What Are the Benefits of Combining the Two? Good news: Retinol and hyaluronic acid actually have a synergistic effect. “They can be combined so that the benefits of retinol can be achieved more easily with concomitant use of hyaluronic acid, which helps to prevent retinol irritation,” says Hartman.
It's perfectly safe and okay to use hyaluronic acid and retinol together. Using skin care products that contain these ingredients together shouldn't cause any interactions or side effects. Hyaluronic acid and retinol are one of the most popular skin care combinations.
No matter which form you choose to incorporate your hyaluronic acid, it should be close to the final step in your routine. If you are using it in serum form, you'll apply it immediately after your retinol. If it is part of your moisturizer, it will be your last step.
The best product you can use in conjunction with retinol, according to Dr. Zeichner, is a moisturizer, which can help hydrate skin and reduce the risk of irritation from retinol. “Some people even prefer to mix their retinol with a moisturizing cream to dilute it out,” he says.
Don't Mix: Retinol with vitamin C, benzoyl peroxide, and AHA/BHA acids. AHA and BHA acids are exfoliating, which can dry out skin and cause further irritation if your skincare routine already includes retinol.
Second, avoid anything with harsh ingredients like alcohol and fragrance, or anything with a high acid concentration. “The majority of over-the-counter (OTC) cosmetic creams, lotions, and serums are water based and contain less than 2 percent hyaluronic acid,” Frey explains.
Hyaluronic Acid and Niacinamide
These water-based treatments are a great pair and are made for all skin types — especially babes with dry, acne-prone skin. You'll find niacinamide, a form of vitamin B3, in my Rewind Retinol Serum. Use hyaluronic acid first, followed by my retinol for the best results.
Is it a good idea to combine Vitamin C, Retinol and Hyaluronic Acid in a skincare routine? Yes. These ingredients work well when used individually and even better when paired together.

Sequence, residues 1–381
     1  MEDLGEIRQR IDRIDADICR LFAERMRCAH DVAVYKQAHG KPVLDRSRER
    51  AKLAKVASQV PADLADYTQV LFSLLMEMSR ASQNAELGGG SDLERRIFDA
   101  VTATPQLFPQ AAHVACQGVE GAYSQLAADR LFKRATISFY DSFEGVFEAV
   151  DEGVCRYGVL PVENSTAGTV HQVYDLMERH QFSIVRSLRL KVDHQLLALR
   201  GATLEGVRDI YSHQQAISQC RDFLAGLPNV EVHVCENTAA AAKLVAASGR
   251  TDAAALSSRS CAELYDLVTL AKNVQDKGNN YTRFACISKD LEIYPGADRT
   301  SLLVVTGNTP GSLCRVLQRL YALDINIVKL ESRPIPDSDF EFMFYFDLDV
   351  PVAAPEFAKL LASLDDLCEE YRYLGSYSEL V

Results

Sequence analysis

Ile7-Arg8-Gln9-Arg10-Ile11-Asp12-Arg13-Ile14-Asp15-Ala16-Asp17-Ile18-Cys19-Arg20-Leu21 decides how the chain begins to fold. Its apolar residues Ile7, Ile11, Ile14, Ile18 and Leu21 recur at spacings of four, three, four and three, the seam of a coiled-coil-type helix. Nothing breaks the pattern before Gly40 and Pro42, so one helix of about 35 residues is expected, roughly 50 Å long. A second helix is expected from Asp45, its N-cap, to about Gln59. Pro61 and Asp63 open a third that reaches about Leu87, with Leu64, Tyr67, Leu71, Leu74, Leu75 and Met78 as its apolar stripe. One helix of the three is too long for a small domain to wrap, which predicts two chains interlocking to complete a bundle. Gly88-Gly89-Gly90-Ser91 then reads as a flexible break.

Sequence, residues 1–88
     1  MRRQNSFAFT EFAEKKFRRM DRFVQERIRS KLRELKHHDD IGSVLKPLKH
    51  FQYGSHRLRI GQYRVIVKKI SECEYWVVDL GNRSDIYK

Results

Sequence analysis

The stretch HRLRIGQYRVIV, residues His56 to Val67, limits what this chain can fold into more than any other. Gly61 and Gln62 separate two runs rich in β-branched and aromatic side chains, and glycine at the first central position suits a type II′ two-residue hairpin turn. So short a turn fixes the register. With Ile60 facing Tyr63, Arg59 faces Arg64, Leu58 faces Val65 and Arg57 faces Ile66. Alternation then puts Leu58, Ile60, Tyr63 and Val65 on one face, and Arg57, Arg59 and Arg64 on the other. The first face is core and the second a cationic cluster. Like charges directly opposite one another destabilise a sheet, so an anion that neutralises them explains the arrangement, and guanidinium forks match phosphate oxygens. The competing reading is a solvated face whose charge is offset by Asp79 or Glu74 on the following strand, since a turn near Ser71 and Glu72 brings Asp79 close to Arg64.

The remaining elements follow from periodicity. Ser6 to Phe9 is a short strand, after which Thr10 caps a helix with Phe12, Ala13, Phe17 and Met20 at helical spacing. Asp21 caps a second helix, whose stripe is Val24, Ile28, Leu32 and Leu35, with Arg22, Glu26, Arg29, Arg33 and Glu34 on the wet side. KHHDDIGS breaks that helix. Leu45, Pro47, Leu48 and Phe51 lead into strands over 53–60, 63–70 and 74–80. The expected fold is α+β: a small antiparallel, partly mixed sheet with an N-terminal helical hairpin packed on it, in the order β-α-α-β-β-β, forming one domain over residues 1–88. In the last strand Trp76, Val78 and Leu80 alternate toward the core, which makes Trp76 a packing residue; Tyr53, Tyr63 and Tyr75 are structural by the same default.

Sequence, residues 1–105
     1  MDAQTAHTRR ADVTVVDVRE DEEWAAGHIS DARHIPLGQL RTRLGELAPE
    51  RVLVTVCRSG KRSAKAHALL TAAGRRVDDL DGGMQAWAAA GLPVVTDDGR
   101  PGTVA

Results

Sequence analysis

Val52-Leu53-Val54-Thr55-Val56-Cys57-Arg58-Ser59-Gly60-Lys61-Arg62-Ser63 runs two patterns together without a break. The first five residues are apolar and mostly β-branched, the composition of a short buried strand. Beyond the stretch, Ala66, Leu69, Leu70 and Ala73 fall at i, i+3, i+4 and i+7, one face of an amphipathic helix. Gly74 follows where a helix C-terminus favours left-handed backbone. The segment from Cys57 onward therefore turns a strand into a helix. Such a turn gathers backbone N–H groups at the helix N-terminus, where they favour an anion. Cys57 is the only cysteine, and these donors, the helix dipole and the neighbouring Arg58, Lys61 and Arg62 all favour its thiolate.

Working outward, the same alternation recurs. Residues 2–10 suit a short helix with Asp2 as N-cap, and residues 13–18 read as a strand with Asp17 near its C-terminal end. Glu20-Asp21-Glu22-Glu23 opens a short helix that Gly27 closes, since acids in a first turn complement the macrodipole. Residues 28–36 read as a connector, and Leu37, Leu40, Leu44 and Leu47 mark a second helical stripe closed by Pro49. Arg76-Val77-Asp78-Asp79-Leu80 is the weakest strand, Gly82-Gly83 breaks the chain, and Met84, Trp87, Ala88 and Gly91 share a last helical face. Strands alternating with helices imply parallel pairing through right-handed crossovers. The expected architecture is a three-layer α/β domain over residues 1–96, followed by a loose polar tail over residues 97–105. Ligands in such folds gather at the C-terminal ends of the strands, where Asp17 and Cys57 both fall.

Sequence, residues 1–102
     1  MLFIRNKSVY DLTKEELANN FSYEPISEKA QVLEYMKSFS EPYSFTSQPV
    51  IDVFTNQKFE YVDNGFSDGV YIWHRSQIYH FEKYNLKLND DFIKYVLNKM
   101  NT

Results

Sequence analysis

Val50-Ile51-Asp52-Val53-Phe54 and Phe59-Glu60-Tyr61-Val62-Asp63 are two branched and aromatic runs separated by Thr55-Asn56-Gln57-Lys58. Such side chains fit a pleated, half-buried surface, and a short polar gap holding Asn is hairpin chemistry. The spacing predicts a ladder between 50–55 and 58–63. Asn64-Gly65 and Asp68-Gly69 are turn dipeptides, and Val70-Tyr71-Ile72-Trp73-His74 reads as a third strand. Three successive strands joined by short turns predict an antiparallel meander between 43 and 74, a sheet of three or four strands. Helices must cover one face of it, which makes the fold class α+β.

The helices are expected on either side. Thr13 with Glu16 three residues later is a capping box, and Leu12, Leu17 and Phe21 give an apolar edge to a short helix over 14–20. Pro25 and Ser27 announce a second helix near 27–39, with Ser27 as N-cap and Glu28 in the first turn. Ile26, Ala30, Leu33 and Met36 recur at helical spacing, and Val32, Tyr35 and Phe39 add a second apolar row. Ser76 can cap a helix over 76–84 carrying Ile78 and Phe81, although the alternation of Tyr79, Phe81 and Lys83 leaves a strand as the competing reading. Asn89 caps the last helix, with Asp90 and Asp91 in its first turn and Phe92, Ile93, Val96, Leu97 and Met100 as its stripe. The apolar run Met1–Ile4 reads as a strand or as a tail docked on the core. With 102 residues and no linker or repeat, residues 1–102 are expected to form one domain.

Hyaluronic acid is best if they're looking to moisturize dry skin, while retinol works better by encouraging better skin by boosting collagen production. They have several benefits that can work in tandem for better results, though patients need to be careful with the exact formulations they use.
How to Use Them Together. Dr. Van Dyke recommended using hyaluronic acid morning and night after cleansing when the skin is still damp and to leave your retinol application for just once a day at night.
The answer to the hyaluronic acid vs retinol debate is not simple. While hyaluronic acid works its repairing and hydrating magic on the upper layers of the skin, retinol is able to have multiple effects deeper within the skin.
A thick moisturizer with hyaluronic acid would be applied after a vitamin C serum, but a hyaluronic acid serum will come before a face cream with vitamin C in its formula. In the case that you have two separate serums, it still comes down to thickness. Apply whichever is thinner first.
Yup! "Hyaluronic acid is safe and beneficial to use everyday for maintaining skin hydration," says Dr. Russak. You just need to make sure you're applying it correctly.
When it comes to mixing all three together, the best order to apply them is by starting with retinol, followed by hyaluronic acid, and finally niacinamide. By applying retinol first onto a fully cleansed skin the ingredient can penetrate into the lower layers.
Niacinamide and retinol can be combined in one product, which may be easier and more convenient. But they're also available as separate products. If you're using these ingredients in separate products, it's recommended to apply niacinamide first and to then follow with retinol.
“AHA, BHA, retinol, and benzoyl peroxide can be mixed with moisturizing ingredients like hyaluronic acid, ceramides, and rosehip oil to get effective results — just ensure you are not using retinol as well as AHA or BHA's during the day," says Graf.
Retinoids work best if you use them daily. Specifically, they should be used at night because some types are deactivated by light and air. It's important to start slowly and allow your skin time to adjust. Using too much too quickly can cause redness, dryness, and irritation.
And now another rule to keep in mind: Many prescription-strength retinoids suggest users wait upwards of 20 minutes post-cleansing before putting retinol on their skin and 20 more minutes before putting anything else on, according to Reddit.
Should you use retinol under your eyes? Yes, definitely. While it is true that retinol – a form of vitamin A – is a powerful ingredient and the skin under your eyes is delicate, there's no reason why you should miss out on the amazing benefits of retinol.
A formula with retinol, like the L'Oréal Paris Revitalift Triple Power Eye Treatment, should be applied after your serums and before moisturizer due to its consistency.